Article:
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InfoQ Homepage News Stanford University Open-Sources Controllable Generative Language AI Diffusion-LM

Stanford University Open-Sources Controllable Generative Language AI Diffusion-LM


Researchers at Stanford University have open-sourced Diffusion-LM, a non-autoregressive generative language model that allows for fine-grained control of the model's output text. When evaluated on controlled text generation tasks, Diffusion-LM outperforms existing methods.

The model and experiments were described in a paper published on arXiv. Diffusion-LM is a generative language model that uses a plug-and-play control scheme, where the language model is fixed, and its generation is steered by an external classifier that determines how well the generated text matches the desired parameters. Users can specify several features of the desired output, including required parts of speech, syntax tree, or sentence length. During generation, Diffusion-LM iteratively denoises a set of latent vectors, with the external controller providing gradient updates to steer the latent vectors to generate the desired output. When evaluated on a set of control tasks, Diffusion-LM "significantly" outperformed baseline methods. According to the research team,

We find the complex controls enabled by Diffusion-LM to be compelling, and we are excited by how Diffusion-LM is a substantial departure from the current paradigm of discrete autoregressive generation.

Many generative language models (LM), such as GPT-3, are autoregressive; that is, they recursively generate text by predicting the next word in a sequence, then add that word to the existing sequence and use the updated sequence as input for further prediction. These models can generate text that is indistinguishable from that written by humans, and the models can generate text to solve a wide range of problems from question-answering to interactive chat. However, it is difficult to provide any user control over the generated output; for example, a desired sentence length, structure, or sentiment.

One potential solution to this problem is to fine-tune the LM so that it can take an additional control input, but this update can be compute intensive and may not generalize to handle multiple control parameters. Another solution is a plug-and-play technique, which keeps the LM's parameters frozen and steers the generation with an external classifier that evaluates how close the generated output is to the desired parameters. However, attempts to steer autoregressive models have proved challenging.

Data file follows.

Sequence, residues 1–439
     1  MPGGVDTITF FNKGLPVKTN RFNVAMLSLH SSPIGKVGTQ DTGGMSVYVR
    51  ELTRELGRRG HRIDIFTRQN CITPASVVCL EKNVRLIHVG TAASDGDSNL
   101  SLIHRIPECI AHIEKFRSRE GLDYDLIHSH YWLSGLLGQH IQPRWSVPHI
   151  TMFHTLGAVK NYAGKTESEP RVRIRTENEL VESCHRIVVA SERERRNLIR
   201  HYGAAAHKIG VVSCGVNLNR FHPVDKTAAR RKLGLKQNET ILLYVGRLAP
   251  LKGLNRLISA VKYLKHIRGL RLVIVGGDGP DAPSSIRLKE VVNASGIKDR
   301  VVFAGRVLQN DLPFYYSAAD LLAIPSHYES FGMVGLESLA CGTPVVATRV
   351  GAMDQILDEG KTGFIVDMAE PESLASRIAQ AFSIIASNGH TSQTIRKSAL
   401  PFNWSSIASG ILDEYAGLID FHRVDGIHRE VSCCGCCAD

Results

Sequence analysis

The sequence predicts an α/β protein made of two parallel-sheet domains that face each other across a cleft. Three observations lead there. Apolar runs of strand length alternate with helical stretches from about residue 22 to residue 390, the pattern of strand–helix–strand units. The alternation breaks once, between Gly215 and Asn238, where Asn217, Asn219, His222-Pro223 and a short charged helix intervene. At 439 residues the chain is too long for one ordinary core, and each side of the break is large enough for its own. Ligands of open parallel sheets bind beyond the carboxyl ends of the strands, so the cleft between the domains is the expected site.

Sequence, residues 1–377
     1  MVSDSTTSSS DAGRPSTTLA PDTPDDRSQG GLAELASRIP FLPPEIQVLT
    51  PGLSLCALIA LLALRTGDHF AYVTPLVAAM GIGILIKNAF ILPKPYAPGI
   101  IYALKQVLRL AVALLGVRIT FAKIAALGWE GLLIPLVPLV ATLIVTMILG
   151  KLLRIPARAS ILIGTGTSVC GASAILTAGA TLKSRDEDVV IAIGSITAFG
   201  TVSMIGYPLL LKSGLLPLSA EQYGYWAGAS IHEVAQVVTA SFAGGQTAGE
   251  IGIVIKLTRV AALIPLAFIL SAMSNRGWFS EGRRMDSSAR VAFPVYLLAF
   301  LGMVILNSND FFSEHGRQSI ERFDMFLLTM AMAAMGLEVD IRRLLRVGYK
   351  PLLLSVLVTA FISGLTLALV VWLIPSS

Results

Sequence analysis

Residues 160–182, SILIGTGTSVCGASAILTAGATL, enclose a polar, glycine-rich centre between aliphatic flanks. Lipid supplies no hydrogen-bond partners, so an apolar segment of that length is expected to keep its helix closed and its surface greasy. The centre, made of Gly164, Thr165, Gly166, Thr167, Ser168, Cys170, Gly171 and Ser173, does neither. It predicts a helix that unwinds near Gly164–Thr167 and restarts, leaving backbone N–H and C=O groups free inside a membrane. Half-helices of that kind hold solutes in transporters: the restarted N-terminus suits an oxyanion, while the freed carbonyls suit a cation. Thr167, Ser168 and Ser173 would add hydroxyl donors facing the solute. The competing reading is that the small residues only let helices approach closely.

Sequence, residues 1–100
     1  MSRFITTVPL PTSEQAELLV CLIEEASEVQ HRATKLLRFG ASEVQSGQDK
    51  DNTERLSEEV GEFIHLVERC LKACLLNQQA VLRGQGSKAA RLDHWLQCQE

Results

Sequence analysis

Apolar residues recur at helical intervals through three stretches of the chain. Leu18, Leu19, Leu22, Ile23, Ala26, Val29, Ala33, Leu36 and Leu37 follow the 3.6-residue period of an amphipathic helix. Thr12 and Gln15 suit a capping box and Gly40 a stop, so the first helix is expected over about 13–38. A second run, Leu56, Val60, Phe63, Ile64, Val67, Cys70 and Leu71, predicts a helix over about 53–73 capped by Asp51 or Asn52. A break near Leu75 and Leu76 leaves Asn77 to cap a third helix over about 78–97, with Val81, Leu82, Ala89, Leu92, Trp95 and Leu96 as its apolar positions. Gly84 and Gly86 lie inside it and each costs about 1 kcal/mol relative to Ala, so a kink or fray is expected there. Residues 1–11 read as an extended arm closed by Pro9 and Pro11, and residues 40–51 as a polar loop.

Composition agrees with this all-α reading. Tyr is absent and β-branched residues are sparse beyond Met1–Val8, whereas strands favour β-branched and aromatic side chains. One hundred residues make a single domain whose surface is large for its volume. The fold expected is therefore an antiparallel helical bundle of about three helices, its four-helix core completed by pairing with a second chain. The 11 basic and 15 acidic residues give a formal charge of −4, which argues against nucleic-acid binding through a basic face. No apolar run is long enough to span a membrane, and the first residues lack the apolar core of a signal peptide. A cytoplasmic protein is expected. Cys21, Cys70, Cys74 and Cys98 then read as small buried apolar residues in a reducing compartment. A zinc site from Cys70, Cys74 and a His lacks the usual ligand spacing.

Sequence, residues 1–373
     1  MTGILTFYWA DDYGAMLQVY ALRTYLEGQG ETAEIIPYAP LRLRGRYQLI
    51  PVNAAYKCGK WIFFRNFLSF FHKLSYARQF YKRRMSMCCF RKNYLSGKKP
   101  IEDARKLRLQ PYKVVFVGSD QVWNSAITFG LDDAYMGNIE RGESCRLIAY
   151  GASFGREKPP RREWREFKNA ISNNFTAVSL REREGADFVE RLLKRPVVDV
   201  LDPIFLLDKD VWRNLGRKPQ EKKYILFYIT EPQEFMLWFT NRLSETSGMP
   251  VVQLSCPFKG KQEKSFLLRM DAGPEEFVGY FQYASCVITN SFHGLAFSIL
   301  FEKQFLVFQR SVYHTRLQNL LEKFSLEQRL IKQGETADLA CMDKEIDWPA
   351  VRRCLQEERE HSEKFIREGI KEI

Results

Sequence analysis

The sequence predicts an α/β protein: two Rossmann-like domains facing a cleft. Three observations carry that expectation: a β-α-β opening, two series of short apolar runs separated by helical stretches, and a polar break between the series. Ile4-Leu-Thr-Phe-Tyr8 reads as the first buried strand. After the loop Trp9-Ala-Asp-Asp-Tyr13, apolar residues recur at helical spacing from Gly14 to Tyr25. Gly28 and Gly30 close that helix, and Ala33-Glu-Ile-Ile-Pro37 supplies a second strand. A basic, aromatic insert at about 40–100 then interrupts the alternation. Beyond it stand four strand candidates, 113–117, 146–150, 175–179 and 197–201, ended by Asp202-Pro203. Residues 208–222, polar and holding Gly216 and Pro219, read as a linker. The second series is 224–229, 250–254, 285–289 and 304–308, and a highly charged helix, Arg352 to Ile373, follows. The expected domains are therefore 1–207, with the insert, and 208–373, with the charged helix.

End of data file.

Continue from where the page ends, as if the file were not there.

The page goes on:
Instead of trying to steer an autoregressive LM, the Stanford researchers chose to use a new technique for language generation: a diffusion model. These models have shown good results in computer vision and other continuous domains; however, they have not been applied to text generation, which is a discrete domain. According to the team, Diffusion-LM is the first diffusion model for text generation.

To make Diffusion-LM work, the team modified the standard diffusion model in two ways. First, they defined an embedding function that maps words into vectors in the continuous latent space of the diffusion model. Second, they defined a "rounding" method to map these vectors back to discrete words. To generate text, the model begins with a random vector in the latent space; this is treated as a noisy version of the output sentence's embedding. The model then iteratively denoises it; at each step, the embedding is passed to an external classifier, which produces a gradient update of the embedding for the next step of the iteration. When the iterations are done, the rounding method maps the final embedding to a text output.

Diffusion-LM Architecture

Image source:

The Stanford team evaluated Diffusion-LM on five classifier-guided text generation control tasks and compared its performance to baseline methods using a GPT-2 autoregressive LM, using both plug-and-play and fine-tuning. On all five tasks, Diffusion-LM outperformed the other plug-and-play methods; it also outperformed fine-tuning on two tasks with "similar" performance on the other three. The team also evaluated Diffusion-LM on an unguided text-infilling task against three different baseline models; it outperformed two of them and achieved "comparable" performance to an autoregressive model specifically trained for infilling.

The team did discover that Diffusion-LM was slower than other models, for both training and runtime decoding. Its output also scored worse on a perplexity. In a Twitter thread about the work, lead author Xiang Lisa Li noted:

Diffusion-LM shows strong performance in controllable generation, but it remains an open question whether it could match autoregressive LMs in [perplexity] and speed.

The Diffusion-LM code is available on GitHub.

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